Air Canada customers struggle to get refunds for canceled Labrador routes

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After reducing the routes inside and outside of Happy Valley-Goose Bay and removing Wabush all together, Air Canada is now offering its customers credits for flights they cannot use.Mark Greene bought two tickets for his children to fly from St. John’s to Happy Valley-Goose Bay to see their grandparents. One day after purchasing them, Air Canada announced that it was canceling the route, with immediate effect.

Before speaking to CBC, Greene had $ 1,800 in flight credits with no way to bring her children to Labrador, other than spending more money to book on another airline.

“The problem is, I don’t have $ 1,800 yet,” Greene told CBC. Labrador morning. “The money I have is tied to Air Canada. So I just want my money back. I don’t think I’m asking for anything outrageous. ”

After five days of calling the airline, and the same day, his interview was broadcast on Labrador Morning, Air Canada refunded its money. Greene plans to book with PAL Airlines.

Greene said he thought it was dishonest for Air Canada to even allow him to buy the ticket on June 29, when the route was canceled the next day.

Air Canada cut 30 routes across Canada, including seven in Newfoundland and Labrador, on June 30.

“When I booked these tickets, the decision was obviously made,” said Greene. “There must have been meetings at higher levels for weeks, if not months, to suspend these routes. “

A lot of [people] unfortunately, they simply cannot afford to have $ 1,000 in credits that they cannot even use.– MacKenzie Perry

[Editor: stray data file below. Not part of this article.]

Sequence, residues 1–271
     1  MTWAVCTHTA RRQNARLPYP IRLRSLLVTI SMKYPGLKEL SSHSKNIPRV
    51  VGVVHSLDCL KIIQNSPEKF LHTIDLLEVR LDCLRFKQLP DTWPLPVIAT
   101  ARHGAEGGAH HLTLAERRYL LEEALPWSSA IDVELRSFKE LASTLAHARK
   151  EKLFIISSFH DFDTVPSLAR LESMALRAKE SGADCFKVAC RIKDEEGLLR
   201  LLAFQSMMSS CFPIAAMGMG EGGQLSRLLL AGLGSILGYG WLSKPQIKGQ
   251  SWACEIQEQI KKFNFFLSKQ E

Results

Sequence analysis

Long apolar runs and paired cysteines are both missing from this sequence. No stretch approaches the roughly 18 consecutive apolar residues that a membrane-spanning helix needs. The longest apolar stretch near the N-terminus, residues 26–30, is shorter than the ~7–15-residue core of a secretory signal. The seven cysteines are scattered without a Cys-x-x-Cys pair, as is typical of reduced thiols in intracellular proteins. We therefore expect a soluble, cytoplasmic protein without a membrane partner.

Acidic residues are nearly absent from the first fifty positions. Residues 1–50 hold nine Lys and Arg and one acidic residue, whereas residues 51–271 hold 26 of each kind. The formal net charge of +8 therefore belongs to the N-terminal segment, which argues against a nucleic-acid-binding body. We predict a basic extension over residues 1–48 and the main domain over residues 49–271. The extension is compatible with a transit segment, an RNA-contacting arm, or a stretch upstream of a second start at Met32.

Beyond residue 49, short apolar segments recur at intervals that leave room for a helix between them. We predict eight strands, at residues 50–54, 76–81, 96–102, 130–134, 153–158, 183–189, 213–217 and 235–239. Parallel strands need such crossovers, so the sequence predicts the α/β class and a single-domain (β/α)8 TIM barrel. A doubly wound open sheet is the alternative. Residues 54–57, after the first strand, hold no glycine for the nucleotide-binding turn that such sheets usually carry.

In a statement, Air Canada said it was continuing a flight from Happy Valley-Goose Bay to Halifax. However, Greene was unable to re-book on this route and a travel agent said Labrador Morning that the itinerary be suspended until August 1 at least.

An Air Canada spokesperson said the airline is contacting all affected travelers to find the best solutions. This will likely not involve changing his plans to cancel the routes.

“What must also be understood is that the profitability of the regional network depends on connections to the national and international network,” said the spokesperson. “Regional roads cannot be maintained with local traffic alone. “

Wabush worries

MacKenzie Perry is in a similar situation, stuck with a $ 1,000 credit on a flight she booked for her son to go to a medical appointment in St. John’s.

He was to take off from Wabush on an Air Canada flight that had booked before the airline announced that it would withdraw from Wabush all together.

Perry said she was fortunate that the meeting was not urgent and that their financial situation was not dire. The worst case would be to book the appointment for a later date using PAL Airlines.

She said there are many others in Labrador who have to travel for medical appointments that will not be as lucky.

“Unfortunately, many of them cannot afford to have $ 1,000 in credits that they cannot even use,” she said.

Perry also arranges flight reservations for the company she works for, which employs workers by air. She said that they are currently trying to find challenges for an employee from New Brunswick, another province hard hit by Air Canada’s cancellations.

“We don’t even know how we can bring it back and keep it,” said Perry.

After several days of trying to reach the customer service agents, Perry is frustrated, but stated that she is not giving up on the refund.

“I really hope that Air Canada listens to this and hears the voices of people in the Lab West area and does what they can to help,” she said. “In the best of cases, they will come back to our community because it is something necessary with our isolation in the region. ”

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